Characteristics of Restatements  452

Hertz Accounting Restatements  453
Restatements Due to Errors in Accounting and
Reporting 456

Concluding Thoughts  458
Discussion Questions  459
Endnotes 462
Chapter 7 Cases  468
Case 7-1: Nortel Networks  468
Case 7-2: Solutions Network, Inc. (a GVV case)  473
Case 7-3: GE: “Imagination at Work”  475
Case 7-4: Harrison Industries (a GVV case)  477
Case 7-5: Dell Computer  478
Case 7-6: TierOne Bank  481
Case 7-7: Sunbeam Corporation  483
Case 7-8: Sino-Forest: Accounting for Trees  488
Case 7-9: The North Face, Inc.  492
Case 7-10: Beazer Homes  496

Chapter 8
Ethical Leadership and Decision-Making in
Accounting 503
Ethics Reflection  504
What Is Ethical Leadership?  506
Moral Person and Moral Manager  507
Authentic Leaders  508
Transformational Leadership  509
Followership and Leadership  509
Social Learning Theory  510
Moral Intensity  511

The Role of Moral Intensity, Organizational Culture,
and Ethical Leadership in Accounting  511
Ethical Leadership and Audit Firms  512
Gender Influence on Decision Making of Public
Accounting Professionals  513
Ethical Leadership and the Internal Audit Function  514
Ethical Leadership and Tax Practice  515
The Role of CFOs  516

Ethical Leadership Failure  517
Implications for Whistleblowing in Accounting  518

A Case Study in Ethical Leadership  520
Accounting Leaders Discussed in the Text  522

Values-Driven Leadership  522
Ethical Leadership Competence  524
Concluding Thoughts  525
Discussion Questions  526
Endnotes 527
Chapter 8 Cases  531
Case 8-1: Research Triangle Software Innovations (a
GVV case)  531
Case 8-2: Cumberland Lumber  532
Case 8-3: Parmalat: Europe’s Enron  533
Case 8-4: KPMG Tax Shelter Scandal  539
Case 8-5: Krispy Kreme Doughnuts, Inc  541
Case 8-6: Rhody Electronics: A Difficult Client (a GVV
case) 544

Major Cases  547
Major Case 1: Adelphia Communications
Corporation 548
Major Case 2: Royal Ahold N.V. (Ahold)  558
Major Case 3: Madison Gilmore’s Ethical Dilemma (a
GVV Case)  566
Major Case 4: Cendant Corporation  567
Major Case 5: Vivendi Universal  576
Major Case 6: Waste Management  579



Ethical Reasoning:
Implications for
Learning Objectives
After studying Chapter 1, you should be able to:

LO 1-1
LO 1-2
LO 1-3
LO 1-4
LO 1-5
LO 1-6
LO 1-7

Explain how integrity enables a CPA to withstand pressures and avoid
subordination of judgment.
Discuss the relationship between one’s values and ethics, and legal
Describe how the pillars of character support ethical decision making.
Differentiate between moral philosophies and their effect on ethical
reasoning in accounting.
Explain the concept of the public interest in accounting.
Discuss the Principles section of the AICPA Code of Professional Conduct.
Apply the IMA Statement of Ethical and Professional Practice to a case



Chapter 1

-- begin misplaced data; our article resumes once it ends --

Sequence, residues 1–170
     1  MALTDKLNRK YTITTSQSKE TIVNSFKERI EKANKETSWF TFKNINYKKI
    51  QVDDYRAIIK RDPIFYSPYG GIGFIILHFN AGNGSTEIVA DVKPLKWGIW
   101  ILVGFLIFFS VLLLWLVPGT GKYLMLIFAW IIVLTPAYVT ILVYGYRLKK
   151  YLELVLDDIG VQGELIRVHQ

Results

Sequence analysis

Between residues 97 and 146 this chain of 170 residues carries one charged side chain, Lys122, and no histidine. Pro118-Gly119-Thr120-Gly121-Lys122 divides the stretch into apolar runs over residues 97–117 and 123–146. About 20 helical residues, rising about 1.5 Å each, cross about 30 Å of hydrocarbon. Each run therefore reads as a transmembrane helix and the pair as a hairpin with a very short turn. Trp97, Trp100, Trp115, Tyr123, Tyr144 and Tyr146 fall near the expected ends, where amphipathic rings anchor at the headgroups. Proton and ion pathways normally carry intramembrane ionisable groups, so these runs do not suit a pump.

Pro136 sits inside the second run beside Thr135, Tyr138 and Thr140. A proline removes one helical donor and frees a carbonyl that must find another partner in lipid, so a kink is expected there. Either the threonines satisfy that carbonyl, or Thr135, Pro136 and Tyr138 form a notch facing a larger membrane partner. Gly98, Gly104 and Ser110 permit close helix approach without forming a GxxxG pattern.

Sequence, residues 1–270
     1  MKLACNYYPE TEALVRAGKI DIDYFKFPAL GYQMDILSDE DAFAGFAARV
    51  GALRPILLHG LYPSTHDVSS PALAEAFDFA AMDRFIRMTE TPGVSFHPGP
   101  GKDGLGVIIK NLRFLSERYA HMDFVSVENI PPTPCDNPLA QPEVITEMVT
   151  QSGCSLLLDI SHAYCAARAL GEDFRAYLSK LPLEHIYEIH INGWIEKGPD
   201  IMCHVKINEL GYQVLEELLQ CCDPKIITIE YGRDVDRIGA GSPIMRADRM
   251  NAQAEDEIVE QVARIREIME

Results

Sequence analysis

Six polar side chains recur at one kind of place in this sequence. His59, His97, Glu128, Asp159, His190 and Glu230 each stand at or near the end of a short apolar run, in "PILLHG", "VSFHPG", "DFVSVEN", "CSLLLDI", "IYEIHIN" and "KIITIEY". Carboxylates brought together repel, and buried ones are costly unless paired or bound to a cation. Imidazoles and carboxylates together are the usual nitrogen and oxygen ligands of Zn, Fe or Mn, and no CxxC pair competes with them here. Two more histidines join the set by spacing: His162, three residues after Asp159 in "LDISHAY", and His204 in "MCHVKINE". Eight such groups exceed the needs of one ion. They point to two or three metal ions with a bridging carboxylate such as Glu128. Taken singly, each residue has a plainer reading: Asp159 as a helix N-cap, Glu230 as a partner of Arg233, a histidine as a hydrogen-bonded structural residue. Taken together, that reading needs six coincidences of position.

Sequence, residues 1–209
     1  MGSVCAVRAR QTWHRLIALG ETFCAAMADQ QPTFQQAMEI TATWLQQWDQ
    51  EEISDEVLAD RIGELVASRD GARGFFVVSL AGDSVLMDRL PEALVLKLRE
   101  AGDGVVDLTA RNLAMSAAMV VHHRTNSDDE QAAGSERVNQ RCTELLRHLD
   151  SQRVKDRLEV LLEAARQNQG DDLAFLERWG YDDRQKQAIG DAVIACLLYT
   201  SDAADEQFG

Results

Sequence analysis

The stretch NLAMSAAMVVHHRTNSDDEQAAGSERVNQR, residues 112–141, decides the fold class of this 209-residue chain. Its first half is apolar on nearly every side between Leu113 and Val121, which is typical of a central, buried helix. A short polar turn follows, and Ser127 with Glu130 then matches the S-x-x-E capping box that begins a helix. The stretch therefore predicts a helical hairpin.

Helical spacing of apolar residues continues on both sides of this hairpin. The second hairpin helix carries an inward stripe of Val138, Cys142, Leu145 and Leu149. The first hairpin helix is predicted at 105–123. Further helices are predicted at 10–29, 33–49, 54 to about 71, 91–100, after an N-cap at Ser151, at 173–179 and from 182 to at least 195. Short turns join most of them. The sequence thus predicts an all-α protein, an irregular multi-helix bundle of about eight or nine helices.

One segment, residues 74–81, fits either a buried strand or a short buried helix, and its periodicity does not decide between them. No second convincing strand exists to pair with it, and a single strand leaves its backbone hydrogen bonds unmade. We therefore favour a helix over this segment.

Ethical Reasoning: Implications for Accounting

Ethics Reflection
Penn State Child Abuse Scandal: A Culture of Indifference
What motivates an otherwise ethical person to do the wrong thing when faced with an
ethical dilemma? Why does a good person act wrongly in a particular situation? These
are the ethical questions that arise from the Penn State scandal. Football head coach
Joe Paterno and administrators at Penn State University looked the other way and
failed to act on irrefutable evidence that former assistant coach Jerry Sandusky had
molested young boys, an offense for which Sandusky currently is serving a 30- to
60-year sentence. According to the independent report by Louis Freeh that

investigated the sexual abuse, the top administrators at Penn State and Joe Paterno
sheltered a child predator harming children for over a decade by concealing
Sandusky’s activities from the board of trustees, the university community, and
authorities. They exposed the first abused child to additional harm by alerting
Sandusky, who was the only one who knew the child’s identity, of what assistant coach
Mike McQueary saw in the shower on the night of February 9, 2001.1 McQueary
testified at the June 2012 trial of Sandusky that he observed the abuse2 and informed
Paterno, who reported the incident to his superiors but did not confront Sandusky or
report the incident to the board of trustees or the police.3

Reasons for Unethical Actions
The report gives the following explanations for the failure of university leaders to take
The desire to avoid the bad publicity
The failure of the university’s board of trustees to have reporting mechanisms in
place to ensure disclosure of major risks
A president who discouraged discussion and dissent
A lack of awareness of the Clery Act, which requires colleges and universities
participating in federal financial aid programs to keep and disclose information
about crimes committed on and near their campuses
A lack of whistleblower policies and protections
A culture of reverence for the football program that was ingrained at all levels of
the campus community

Explanations for Unethical Actions
Former Penn State president Graham Spanier, who was fired by the board of trustees
in November 2011, is quoted as discussing in an interview with Jeffrey Toobin of the
New Yorker about how the university worked that “honesty, integrity, and always doing
what was in the best interests of the university [italics added] was how everyone
agreed to operate and . . . we’ve always operated as a family. Our personal and social

and professional lives were all very intertwined.”4
A culture that fosters organizational interests to the exclusion of others explains what
happened at Penn State, and it happens in other organizations as well, such as Enron